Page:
ground-hugging love

Definitions

from WordNet 3.0 Copyright 2006 by Princeton University. All rights reserved.

  • adj. of plants that grow relatively low to the ground

Etymologies

Sorry, no etymologies found.

Examples

  • These exquisite, ground-hugging little flowers are the moorland pasture equivalent of woodland primroses, brought into precious bloom by a month of sunshine.

    Country diary: Westgate, Weardale

  • The new chimney was built a kilometer out of town, connected to the smelter by a large, ground-hugging flue.

    North of Loreto: Mulegé and Santa Rosalía, sun, beaches, hotels and history

  • The pilot in the lead chopper marked the target and began to pull up while the other three Little Birds continued their ground-hugging ride in a race against the clock to deliver their deadly warriors before the enemy could respond and put up a fight.

    Vince Flynn Collectors’ Edition #2

  • It was a beautiful day, with thick, creamy clouds along the horizon; ground-hugging ice plant bursting out in yellow, magenta, ivory and pink; and a bevy of long-billed curlews rooting in the sand for delicacies.

    Hunger to Learn

  • Each small, slightly spherical corm easily slips four inches deep under the outer foliage of a ground-hugging perennial such as lady's mantle (Alchemilla mollis) or annual apricot-colored pansies.

    Suzy Bales: A Forgotten Bulb: Fool's Onion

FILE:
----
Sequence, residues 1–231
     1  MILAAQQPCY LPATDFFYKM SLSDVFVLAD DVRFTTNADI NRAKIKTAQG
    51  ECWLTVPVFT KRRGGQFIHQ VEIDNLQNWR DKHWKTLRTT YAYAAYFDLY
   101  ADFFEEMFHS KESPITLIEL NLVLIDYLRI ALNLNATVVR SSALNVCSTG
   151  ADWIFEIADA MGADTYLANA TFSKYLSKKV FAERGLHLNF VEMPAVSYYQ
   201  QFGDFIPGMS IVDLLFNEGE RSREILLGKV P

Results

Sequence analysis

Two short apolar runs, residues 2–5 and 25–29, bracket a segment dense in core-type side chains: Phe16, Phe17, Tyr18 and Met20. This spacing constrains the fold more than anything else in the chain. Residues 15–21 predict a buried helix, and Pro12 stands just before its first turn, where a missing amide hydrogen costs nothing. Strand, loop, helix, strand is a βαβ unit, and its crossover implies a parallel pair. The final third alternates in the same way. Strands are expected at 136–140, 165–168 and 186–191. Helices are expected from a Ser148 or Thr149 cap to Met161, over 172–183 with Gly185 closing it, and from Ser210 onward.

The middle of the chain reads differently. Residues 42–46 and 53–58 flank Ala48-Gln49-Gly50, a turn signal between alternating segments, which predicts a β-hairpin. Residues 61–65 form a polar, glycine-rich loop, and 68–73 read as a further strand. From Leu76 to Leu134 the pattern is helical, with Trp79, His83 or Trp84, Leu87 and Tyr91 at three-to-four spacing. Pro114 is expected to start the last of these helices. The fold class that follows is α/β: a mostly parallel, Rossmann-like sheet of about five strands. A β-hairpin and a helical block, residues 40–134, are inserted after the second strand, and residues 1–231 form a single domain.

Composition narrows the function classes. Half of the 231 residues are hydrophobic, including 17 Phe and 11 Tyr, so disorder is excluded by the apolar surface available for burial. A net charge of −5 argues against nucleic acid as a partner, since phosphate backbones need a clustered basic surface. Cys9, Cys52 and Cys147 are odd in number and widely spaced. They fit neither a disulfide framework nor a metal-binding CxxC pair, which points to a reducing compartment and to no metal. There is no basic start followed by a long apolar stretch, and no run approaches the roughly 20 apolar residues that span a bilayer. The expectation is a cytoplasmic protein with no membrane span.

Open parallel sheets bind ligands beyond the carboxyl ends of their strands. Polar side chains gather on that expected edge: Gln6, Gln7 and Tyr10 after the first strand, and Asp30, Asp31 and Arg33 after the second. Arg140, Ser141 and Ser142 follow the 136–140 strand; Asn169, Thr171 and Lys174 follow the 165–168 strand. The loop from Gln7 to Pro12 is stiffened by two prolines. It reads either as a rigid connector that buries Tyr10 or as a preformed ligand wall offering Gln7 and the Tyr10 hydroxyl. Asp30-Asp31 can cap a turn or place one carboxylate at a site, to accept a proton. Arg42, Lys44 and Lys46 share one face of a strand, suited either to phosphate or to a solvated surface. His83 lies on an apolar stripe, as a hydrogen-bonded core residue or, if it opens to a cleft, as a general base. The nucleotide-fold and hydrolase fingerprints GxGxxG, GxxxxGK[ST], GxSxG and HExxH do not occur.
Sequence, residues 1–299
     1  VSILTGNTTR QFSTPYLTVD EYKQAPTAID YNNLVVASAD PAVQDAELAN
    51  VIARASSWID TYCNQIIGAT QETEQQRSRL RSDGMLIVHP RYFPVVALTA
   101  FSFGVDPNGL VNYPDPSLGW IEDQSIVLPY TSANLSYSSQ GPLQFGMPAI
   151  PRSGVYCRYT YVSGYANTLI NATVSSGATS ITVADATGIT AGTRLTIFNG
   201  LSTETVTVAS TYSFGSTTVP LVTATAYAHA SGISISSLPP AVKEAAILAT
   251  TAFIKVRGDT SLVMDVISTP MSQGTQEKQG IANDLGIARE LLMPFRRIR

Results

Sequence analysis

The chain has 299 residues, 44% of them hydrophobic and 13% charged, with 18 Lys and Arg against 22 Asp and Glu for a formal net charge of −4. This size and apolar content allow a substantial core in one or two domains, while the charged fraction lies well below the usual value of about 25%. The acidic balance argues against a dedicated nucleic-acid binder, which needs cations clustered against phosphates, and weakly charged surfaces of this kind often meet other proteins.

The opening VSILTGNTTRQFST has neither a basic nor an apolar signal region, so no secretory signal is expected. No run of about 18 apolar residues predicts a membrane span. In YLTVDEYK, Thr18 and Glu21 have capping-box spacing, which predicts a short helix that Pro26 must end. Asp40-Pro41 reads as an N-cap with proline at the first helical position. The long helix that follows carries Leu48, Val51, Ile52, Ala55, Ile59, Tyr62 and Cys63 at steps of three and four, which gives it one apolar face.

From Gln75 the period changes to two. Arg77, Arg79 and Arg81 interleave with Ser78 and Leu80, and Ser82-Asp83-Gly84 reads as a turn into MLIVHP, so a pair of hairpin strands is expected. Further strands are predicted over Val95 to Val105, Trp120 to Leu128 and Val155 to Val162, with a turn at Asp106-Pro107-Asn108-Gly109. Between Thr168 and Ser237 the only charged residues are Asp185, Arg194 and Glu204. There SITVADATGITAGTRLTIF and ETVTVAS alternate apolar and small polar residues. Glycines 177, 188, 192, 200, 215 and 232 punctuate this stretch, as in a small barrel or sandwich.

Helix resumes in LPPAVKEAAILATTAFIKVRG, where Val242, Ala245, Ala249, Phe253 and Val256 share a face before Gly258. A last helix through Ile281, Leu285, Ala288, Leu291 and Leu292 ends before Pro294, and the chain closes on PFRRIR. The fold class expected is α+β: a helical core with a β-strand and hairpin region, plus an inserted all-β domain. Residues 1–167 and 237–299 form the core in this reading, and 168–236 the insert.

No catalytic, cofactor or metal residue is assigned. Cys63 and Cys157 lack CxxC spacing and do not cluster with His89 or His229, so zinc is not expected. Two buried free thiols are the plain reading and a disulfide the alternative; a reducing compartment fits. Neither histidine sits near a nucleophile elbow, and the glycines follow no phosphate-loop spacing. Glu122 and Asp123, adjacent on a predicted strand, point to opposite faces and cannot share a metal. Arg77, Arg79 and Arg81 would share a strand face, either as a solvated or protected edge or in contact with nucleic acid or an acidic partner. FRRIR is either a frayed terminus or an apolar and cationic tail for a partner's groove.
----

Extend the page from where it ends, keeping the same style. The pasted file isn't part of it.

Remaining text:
• Perceived as a West Coast offensive disciple, Childress might be returning to his ground-hugging, 1990s roots as a University of Wisconsin assistant under coach Barry Alvarez, back when the Badgers pounded the ball with Heisman Trophy winner Ron Dayne.

    Vikings have new faces, but the right ones?

  • It begins as a ground-hugging basal rosette of thick, fuzzy, oval, toothless leaves, soft to the touch.

    The insects come for our intrepid blogger and his husband.

  • The ground-hugging planes are difficult to detect on radar.

    Rebel Planes Attack Sri Lanka Capital

  • When the opportunity came to partner with a race car driver around a grand-prix track at 150 miles an hour in a supercharged, ground-hugging, open to the elements hell-on-wheels speedster in Austin, Texas, I said "sure."

    Lea Lane: Race at 150 mph? Sure.

  • On the following day, the 24th, the morning brought heavy ground-hugging fog and very low visibility.

    Archive 2008-12-01

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